A few years ago, you might have turned up your nose at ever taking a job with a title or pay-grade below your current level. You might have believed it was a stupid career move, and no way were you going to accept anything less than what you have now.
Then, you lost your job.
Now it doesn’t seem like a stupid career move or beneath you to take a job that will provide a paycheck. In fact, Paul Facella says taking that a lesser position may just be one of the smartest things you’ve ever done for your career.
“Lower-rung jobs humble you and hone you,” says Facella, a top management guru. “You’re going to learn things you might not otherwise have had the chance to. And, you’re going to be given a chance to move up really quickly.”
Facella, founder and CEO of Inside Management, had his first job at 16 working the grill at McDonald’s. He worked for the company for 34 years, rising through the ranks to become a key executive. Still, he says his proudest moment was when a manager raised his pay 5 cents an hour to $1.30 after his first three weeks.
“I didn’t even know you could get a raise,” he says, laughing.
Facella is busy promoting his new book, “Everything I Know About Business I Learned at McDonald’s,” ($24.95, McGraw-Hill), and says he wants to assure many job hunters that accepting a job they believe is “beneath them” will have great benefit.
“Look at it as an opportunity with a big ‘O,’ ” he says. “Working that kind of job, you can see how management operates and what works – and what doesn’t. It will help you get ready for your next job by observing both the good and the bad.”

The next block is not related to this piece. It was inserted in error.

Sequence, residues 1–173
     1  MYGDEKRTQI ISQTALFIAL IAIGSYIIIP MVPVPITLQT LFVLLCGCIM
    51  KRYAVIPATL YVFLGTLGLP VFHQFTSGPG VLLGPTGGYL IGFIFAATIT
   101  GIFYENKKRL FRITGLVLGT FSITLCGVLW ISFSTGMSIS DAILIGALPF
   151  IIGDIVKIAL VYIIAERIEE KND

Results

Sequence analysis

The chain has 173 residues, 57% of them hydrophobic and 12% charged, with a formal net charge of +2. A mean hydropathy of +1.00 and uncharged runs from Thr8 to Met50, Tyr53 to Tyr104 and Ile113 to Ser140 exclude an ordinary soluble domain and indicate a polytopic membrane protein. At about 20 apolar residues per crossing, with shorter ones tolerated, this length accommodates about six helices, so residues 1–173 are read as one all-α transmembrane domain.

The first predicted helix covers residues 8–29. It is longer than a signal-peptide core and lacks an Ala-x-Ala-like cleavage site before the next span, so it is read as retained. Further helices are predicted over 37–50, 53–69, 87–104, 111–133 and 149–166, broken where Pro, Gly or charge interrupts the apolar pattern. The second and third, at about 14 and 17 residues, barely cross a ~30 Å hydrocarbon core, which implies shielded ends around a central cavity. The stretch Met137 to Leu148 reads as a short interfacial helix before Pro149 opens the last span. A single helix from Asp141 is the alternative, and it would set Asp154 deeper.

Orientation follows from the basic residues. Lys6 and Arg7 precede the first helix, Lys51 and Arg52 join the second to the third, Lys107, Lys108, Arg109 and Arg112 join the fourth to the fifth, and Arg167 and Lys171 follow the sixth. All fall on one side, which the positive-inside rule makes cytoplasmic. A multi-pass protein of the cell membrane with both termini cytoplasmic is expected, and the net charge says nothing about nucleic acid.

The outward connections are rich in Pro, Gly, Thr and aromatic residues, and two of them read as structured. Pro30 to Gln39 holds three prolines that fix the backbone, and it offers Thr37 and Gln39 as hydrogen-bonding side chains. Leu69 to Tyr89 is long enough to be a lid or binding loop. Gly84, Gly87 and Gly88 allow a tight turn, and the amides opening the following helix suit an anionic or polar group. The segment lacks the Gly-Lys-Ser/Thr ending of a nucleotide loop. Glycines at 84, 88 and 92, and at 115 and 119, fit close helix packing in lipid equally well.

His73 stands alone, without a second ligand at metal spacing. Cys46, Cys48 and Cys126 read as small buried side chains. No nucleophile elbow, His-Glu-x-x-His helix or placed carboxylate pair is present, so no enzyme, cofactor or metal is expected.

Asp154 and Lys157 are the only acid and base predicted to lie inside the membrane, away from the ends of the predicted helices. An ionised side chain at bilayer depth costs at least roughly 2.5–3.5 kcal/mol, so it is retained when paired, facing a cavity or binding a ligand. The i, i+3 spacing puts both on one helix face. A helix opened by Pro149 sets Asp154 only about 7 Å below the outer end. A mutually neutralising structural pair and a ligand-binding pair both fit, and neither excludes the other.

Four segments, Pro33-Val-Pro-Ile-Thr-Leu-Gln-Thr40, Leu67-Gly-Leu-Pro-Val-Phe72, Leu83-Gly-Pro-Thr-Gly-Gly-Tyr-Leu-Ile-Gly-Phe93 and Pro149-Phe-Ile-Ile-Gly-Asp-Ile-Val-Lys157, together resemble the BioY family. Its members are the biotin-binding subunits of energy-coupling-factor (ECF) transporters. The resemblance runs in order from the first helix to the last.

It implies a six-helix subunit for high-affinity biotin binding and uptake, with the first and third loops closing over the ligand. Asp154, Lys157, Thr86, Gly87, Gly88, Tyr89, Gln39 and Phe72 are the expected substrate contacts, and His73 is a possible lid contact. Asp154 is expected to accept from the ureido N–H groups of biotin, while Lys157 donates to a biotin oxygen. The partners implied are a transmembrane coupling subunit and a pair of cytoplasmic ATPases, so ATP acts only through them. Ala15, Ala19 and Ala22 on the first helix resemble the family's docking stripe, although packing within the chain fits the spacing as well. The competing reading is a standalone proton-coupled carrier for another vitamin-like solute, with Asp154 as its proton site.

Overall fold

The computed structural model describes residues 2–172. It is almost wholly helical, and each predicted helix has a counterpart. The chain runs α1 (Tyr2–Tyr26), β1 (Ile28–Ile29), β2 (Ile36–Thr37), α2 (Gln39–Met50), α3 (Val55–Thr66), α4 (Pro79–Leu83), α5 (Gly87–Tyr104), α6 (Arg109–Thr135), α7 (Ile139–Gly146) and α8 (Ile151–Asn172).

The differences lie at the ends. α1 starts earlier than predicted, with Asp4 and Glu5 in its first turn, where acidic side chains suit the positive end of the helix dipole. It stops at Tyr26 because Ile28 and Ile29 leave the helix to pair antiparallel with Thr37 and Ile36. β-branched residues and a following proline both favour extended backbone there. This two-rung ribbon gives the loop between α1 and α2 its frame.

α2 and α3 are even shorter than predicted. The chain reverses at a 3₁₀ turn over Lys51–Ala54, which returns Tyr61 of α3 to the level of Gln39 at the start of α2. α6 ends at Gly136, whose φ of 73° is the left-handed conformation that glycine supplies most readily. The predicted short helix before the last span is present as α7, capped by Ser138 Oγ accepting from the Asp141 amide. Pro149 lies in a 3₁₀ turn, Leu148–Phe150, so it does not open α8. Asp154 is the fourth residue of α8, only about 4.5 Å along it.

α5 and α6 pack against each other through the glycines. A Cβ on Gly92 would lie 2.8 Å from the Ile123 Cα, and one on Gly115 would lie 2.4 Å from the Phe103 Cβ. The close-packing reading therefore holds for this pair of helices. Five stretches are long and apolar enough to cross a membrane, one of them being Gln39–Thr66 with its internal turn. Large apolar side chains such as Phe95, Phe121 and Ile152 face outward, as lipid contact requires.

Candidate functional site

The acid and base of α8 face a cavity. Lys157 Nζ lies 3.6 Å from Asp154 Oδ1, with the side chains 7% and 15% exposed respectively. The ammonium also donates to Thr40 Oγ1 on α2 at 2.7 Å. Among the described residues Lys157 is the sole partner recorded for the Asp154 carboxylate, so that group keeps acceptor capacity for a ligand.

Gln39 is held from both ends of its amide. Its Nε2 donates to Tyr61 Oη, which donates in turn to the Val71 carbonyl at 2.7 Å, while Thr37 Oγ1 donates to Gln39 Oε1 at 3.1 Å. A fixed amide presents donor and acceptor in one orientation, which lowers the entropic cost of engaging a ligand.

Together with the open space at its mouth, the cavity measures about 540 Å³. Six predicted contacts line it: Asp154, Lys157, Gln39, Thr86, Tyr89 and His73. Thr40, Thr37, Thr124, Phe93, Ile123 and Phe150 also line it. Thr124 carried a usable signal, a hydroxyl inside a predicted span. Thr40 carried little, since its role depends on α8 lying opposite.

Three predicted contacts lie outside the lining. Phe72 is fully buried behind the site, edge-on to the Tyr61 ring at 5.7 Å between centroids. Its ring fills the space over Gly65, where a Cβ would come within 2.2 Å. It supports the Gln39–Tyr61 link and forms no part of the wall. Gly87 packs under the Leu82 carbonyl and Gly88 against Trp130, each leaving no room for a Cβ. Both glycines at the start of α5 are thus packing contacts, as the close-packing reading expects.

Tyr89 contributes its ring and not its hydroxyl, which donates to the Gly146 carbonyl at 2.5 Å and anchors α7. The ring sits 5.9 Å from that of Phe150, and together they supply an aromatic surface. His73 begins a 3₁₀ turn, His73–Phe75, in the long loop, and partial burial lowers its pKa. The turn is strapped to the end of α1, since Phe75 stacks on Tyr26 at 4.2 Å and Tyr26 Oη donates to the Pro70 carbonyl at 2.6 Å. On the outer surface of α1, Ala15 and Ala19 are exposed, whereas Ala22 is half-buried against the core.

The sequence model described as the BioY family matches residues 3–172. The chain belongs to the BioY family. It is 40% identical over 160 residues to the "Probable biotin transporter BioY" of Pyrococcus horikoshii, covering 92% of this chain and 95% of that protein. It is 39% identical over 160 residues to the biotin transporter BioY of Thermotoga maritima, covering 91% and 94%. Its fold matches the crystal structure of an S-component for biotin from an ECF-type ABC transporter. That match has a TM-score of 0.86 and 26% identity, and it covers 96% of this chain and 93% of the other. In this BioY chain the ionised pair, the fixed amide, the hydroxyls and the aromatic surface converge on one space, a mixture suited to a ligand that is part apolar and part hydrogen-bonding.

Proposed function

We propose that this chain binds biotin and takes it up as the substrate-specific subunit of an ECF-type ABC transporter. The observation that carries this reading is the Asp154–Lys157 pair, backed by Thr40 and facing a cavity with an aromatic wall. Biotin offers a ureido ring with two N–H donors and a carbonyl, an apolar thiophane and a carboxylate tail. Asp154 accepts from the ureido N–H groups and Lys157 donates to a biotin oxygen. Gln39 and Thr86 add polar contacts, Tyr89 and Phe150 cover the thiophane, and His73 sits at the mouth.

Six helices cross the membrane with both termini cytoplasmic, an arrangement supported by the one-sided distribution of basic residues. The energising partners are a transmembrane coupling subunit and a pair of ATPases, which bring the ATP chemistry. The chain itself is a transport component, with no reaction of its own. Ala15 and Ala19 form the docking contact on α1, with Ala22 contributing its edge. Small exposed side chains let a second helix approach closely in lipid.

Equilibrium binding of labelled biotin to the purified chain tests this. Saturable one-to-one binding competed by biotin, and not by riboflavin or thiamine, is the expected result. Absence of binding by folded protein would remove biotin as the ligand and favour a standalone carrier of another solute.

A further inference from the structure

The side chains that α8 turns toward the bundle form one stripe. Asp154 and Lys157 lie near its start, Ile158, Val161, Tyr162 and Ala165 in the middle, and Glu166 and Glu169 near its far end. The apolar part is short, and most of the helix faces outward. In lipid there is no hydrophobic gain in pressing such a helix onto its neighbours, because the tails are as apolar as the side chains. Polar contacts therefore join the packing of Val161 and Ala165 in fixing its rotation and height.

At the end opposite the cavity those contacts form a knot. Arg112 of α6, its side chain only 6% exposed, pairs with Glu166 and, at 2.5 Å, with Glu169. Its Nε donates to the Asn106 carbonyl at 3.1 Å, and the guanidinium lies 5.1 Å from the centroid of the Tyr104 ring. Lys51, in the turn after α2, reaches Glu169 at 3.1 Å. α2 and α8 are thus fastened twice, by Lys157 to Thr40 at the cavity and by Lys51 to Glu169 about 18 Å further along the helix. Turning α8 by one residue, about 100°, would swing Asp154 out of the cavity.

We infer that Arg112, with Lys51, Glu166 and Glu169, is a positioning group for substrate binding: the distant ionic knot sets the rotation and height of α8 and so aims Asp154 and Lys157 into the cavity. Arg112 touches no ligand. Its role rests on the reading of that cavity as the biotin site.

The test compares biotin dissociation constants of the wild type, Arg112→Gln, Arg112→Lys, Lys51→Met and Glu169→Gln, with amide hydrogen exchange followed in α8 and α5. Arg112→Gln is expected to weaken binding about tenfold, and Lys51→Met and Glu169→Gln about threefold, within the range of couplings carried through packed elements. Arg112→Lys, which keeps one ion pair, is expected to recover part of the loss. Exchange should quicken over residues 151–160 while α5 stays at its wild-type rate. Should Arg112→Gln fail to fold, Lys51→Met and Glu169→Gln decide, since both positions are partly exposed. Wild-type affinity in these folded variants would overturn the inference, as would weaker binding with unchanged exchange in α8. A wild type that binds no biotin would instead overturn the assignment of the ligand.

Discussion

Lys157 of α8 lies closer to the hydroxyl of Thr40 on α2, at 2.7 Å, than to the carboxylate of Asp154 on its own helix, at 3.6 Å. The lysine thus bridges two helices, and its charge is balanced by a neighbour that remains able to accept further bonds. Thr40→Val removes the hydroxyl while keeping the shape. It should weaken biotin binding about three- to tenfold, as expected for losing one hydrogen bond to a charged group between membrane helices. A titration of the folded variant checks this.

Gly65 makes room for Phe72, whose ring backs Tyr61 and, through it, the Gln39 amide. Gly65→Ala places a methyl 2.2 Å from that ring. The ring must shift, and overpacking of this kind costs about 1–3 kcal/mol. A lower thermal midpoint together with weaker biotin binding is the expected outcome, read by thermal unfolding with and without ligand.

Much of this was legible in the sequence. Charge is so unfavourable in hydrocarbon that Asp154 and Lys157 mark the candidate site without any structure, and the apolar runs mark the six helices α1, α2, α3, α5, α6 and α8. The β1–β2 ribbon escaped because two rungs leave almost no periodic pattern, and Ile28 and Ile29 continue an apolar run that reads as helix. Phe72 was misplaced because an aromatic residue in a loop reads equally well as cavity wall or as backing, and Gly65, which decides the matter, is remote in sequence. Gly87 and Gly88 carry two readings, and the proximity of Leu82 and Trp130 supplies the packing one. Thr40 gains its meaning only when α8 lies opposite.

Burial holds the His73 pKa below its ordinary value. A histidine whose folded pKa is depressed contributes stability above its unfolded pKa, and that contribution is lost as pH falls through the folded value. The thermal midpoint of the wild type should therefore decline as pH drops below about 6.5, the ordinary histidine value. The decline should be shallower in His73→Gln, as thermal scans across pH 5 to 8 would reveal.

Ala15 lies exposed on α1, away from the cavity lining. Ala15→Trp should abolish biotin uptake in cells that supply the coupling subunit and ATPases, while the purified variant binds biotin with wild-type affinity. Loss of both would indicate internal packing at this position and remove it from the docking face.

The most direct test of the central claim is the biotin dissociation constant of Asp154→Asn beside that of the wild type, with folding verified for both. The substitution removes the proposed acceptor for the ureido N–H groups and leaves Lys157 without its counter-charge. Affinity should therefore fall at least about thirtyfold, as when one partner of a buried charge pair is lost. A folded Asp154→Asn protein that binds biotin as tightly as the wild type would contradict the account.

But what about those who already have had management experience? What can they learn by being knocked out of those ranks?
“A lot of managers have really gotten out of touch. They don’t get out of their office. But once they’re face-to-face with customers, working with a crew and for other managers on a daily basis, they’re going to see firsthand what is going on. They’re going to understand what motivates people – and they’re going to be surprised by what they learn,” Facella says. “And when they go back to management, they’ll be better for it.”
Further, Facella says not to worry about how accepting a lower position will look on your resume.
“Three or four years ago, accepting a lesser job than what you have now might have been looked at differently than it is now,” Facella says. “But there is no one who hasn’t been touched by this crisis, and I think hiring managers in the future are just going to say, ‘Well, you did what you had to do and I understand that.’ ”
Facella says the history of “elitism” by some workers – especially young employees – who believed they should be paid top dollar when they had little experience, may have been driven from the workplace scene by the current financial crisis.
“I think a lot of folks are going to be humbled by this experience,” he says. “I think they’re going to see that it’s OK to learn from the bottom and work your way up. They’re going to find that learning the ropes before taking over a business makes sense.”
For example, Facella says that workers are much more likely to develop trust and respect for leaders they believe really understand what they do every day, and the only way to do that is by actually spending time working the grill or dealing with customers face-to-face.
“People who are accepting lower jobs right now need to go into these jobs with a positive attitude,” Facella says. “You might find it hugely gratifying, and find that it’s more fun, more diverse. Employees at that level are often close-knit and become friends. You might find it’s something you really like.”
Anita Bruzzese is author of “45 Things You Do That Drive Your Boss Crazy … and How to Avoid Them” (www.45things.com). Write to her c/o: Business Editor, Gannett News Service, 7950 Jones Branch Dr., McLean, VA 22107. For a reply, include a SASE.